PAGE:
CFD Holding Strategies: From Short-Term to Long-Term

How long should you hold CFDs?

When it comes to contracts for difference (CFDs), traders often wonder how long to hold them. Unlike some financial instruments, CFDs do not have a specific expiry date, giving traders the freedom to choose their trading strategies. However, the holding period of a derivative affects both trading costs and profitability.

What are contracts for difference (CFDs)?

Traders use CFDs to make speculative bets on the price movements of various financial instruments without owning the assets themselves. They can choose to go long (buy) or short (sell) depending on their prediction of the direction of price movements. This flexibility allows traders to profit from derivatives.

Duration of CFD ownership

One of the attractions of derivatives is their flexibility in terms of holding period. Traders can hold positions for both short and long periods of time, depending on their trading strategies and outlook for the market.

How do contracts for difference work?

Short-term CFD traders

Short-term horizon traders, also known as day traders or intraday traders, may hold assets for a few minutes or even a few hours. They seek to capitalise on small price fluctuations during a single trading session, often closing all their positions by the end of the trading day to avoid additional costs and risks, especially in more volatile markets.

Famous Day Traders

Some of the most famous day traders of our time, whose names have become legendary for their ability to profit from short-term market movements, include Paul Tudor Jones, George Soros and Jesse Livermore. They often relied on technical analysis, chart analysis and market indicators to identify short-term trading opportunities and make quick trades for instant profits.

Swing traders

Unlike day traders, swing traders focus on trading over several days or weeks, aiming to catch short and medium-term price movements in the market. They actively study technical indicators, chart patterns and market sentiment to determine entry and exit points to capture significant price swings.

Famous swing traders

Famous swing traders include legendary investors such as George Soros, who has made successful trades including the decline of the British pound sterling thanks to his strategies, and Stanley Druckenmiller, who is a former manager of the Quantum Fund and specialises in recognising trading opportunities and managing risk. Paul Tudor Jones, known for his profitable trades during the 1987 stock market crash, and Larry Williams, who became a world champion futures trader, are also known as experienced swing traders. Mark Minervini, an author and successful trader who has achieved impressive results in the stock market, has also become famous for his swing trading approaches, including discipline and risk management.

Long-term traders

Investors who prefer long-term strategies, also known as position traders, analyse the market over a longer period of time, holding their derivatives positions for days, weeks, months or even years. They often focus on fundamental analysis, evaluating economic indicators, company financial results and geopolitical events to determine whether a particular asset is undervalued or overvalued and use this information for their long-term investments.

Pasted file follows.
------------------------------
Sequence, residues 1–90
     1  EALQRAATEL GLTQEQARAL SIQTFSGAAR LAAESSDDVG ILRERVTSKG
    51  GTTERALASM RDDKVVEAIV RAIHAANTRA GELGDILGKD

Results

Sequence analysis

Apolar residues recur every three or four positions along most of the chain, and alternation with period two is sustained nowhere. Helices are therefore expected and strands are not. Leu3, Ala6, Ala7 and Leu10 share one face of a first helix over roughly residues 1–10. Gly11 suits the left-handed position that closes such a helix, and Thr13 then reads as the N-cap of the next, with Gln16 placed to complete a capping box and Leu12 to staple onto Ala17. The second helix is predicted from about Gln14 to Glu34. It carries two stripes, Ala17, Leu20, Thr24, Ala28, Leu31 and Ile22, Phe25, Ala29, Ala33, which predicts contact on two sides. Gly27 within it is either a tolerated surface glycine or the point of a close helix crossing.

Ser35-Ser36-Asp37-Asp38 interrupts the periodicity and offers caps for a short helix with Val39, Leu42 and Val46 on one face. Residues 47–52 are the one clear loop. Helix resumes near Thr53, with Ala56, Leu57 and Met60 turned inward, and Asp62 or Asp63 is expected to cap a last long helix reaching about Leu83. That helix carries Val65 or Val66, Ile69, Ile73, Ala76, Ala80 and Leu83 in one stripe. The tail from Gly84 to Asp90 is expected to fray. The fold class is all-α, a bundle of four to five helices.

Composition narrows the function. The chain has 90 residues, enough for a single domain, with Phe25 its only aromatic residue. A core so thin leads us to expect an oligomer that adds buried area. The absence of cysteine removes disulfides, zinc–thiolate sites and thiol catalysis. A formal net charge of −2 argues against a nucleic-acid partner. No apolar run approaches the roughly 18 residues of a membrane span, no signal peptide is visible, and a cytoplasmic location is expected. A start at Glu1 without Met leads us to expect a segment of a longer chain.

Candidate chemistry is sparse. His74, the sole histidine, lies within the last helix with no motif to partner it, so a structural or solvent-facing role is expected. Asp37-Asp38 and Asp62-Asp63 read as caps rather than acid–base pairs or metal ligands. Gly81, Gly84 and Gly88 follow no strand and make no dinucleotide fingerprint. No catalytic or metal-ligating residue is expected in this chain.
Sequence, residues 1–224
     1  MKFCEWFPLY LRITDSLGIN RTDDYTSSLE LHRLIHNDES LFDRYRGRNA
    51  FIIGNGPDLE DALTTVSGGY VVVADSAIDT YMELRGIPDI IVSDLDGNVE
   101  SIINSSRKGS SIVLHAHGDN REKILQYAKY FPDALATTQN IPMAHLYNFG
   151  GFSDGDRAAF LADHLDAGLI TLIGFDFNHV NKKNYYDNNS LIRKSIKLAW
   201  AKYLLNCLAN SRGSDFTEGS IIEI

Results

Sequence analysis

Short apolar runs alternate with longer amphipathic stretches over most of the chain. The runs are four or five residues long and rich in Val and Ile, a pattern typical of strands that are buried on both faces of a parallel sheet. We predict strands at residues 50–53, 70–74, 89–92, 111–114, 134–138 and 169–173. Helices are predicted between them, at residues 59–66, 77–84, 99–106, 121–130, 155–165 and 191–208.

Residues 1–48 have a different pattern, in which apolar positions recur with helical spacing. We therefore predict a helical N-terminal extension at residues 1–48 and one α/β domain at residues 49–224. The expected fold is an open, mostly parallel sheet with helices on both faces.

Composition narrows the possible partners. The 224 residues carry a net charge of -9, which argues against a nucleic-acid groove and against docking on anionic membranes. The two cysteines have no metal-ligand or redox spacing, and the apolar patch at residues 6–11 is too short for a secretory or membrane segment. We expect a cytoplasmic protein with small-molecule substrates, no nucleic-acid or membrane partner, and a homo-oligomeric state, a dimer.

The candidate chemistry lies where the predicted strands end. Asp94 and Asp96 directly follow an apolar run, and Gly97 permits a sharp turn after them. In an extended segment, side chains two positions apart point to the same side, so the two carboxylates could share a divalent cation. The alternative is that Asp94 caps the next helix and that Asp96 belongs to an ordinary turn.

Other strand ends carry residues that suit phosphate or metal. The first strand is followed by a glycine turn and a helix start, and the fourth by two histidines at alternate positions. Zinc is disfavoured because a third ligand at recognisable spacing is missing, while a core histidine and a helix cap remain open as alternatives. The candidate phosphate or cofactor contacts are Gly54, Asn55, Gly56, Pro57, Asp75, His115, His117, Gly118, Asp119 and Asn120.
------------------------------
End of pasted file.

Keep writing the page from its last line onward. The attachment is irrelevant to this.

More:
Are Contracts for Difference profitable?

Famous long-term traders

Warren Buffett, known as the "Oracle of Omaha," distinguishes himself as a successful investor and chairman of Berkshire Hathaway by investing in companies with strong competitive advantages and holding them over the years, following the principles of patience and value investing. Peter Lynch, who managed the Fidelity Magellan Fund, follows a "buy what you know" strategy, focusing on companies with whose products or services he is familiar and maintaining full research and long-term share ownership. Benjamin Graham, known as the "father of value investing", introduced a long-term investing tactic based on buying stocks below their intrinsic value and holding them for the long term, inspiring many investors with his classic book The Intelligent Investor.

CFD costs

When it comes to long-term stock investing, derivatives offer flexibility, but it's important to consider their costs. For example, holding an overnight derivatives position often comes with financial fees known as overnight commissions or swap rates. These fees accrue over the life of the position being held and can vary depending on factors such as the size of the position and current interest rates.

CFD spreads

In addition to considering closing rates, traders should consider the spread - the difference between the buy (ask) and sell (bid) prices of CFDs. This factor can have an impact on opening and closing costs, especially for scalpers who open and close positions frequently. The cost of overnight commissions and spreads can eat up all profits, so it is important to take them into account when trading.

Ultimately, the decision on how long to hold positions is left to the trader, who must consider market conditions, their financial goals, risk tolerance and other factors. Developing a good trading plan and thinking carefully about all aspects will help a trader achieve success.

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